The nation woke up to another 'WhatsApp' shock on 15 July when a rumour circulated through the messaging application claimed an innocent life. The government, earlier this month, had warned of this trend developing. In the latest incident, an engineer from Hyderabad employed with Google was beaten to death in Karnataka's Bidar on the suspicion of being a 'child-lifter'. Three of his companions, including a Qatari national was grievously injured.   

Mohammed Azam Ahmed, Noor Mohammed, Mohammed Salman and Salham Kubaisi had gone to Bidar for a social event, and had stopped for tea near a school in Murki village. 

They saw some children passing by and shared sweets with them. This made the villagers suspicious. Soon, a rumour spread that a group of kidnappers were after the children of the village, and a mob started to chase Ahmed and his friends. The four sought to reason with the locals, trying to tell them who they really were, but all that was of no avail.    

They tried to speed off in their car, but the villagers took their photos and circulated them. In the next village, people felled trees to block the road. Ahmed tried to drive around the barricade at high speed, lost control and the car fell in a ditch.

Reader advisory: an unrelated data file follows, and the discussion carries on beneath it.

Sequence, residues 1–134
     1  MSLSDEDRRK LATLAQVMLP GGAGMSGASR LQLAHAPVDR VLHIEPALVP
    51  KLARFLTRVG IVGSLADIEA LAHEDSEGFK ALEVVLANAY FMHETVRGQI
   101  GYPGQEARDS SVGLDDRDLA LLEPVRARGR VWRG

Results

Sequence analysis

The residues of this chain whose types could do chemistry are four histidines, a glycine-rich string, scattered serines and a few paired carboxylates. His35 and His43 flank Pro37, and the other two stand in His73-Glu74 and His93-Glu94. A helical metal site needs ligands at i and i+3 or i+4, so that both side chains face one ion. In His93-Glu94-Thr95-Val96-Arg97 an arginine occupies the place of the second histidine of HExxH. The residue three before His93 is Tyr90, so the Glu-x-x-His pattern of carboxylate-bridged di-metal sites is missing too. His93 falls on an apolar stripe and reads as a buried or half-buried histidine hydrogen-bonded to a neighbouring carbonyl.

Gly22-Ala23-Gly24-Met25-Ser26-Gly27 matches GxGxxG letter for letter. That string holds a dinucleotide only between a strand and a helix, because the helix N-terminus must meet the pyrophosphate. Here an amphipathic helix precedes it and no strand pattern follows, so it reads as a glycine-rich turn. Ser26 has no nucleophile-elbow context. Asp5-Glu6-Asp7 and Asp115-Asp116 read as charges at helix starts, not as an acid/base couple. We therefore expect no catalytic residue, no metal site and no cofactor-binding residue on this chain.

The four were dragged out by the mob, who started assaulting them. Around 400 people gathered had gathered by then. 

Police arrived to stop the assault, but the victims were already bleeding profusely. Ahmed succumbed to his injuries, while the other three victims were rushed to a local hospital before being taken to Hyderabad.  

Kubaisi apparently had brought chocolates from abroad which he was sharing with the kids.  

Ahmned's brother, Akram, appealed to the government to stop mob lynchings. "My brother was the...father of a 2-year-old. He was just a regular guy," said Akram. 

In a stern statement earlier this month, the ministry of electronics and IT asked the Facebook-owned messaging platform to prevent the proliferation of “irresponsible and explosive messages” that have the power to cause discord and violence. 

According to reports, over 30 people have been killed by lynch mobs in the past year across 10 states after rumours of child-liftinig spread through WhatsApp. 

Expressing its "deep disapproval", the government said that WhatsApp cannot be absolved of its accountability and responsibility to prevent rumour-mongering.  

WhatsApp on its part shared the government's concern and stated that it was "horrified by these terrible acts of violence", and called for a joint and concerted effort by the government, civil society and technology companies.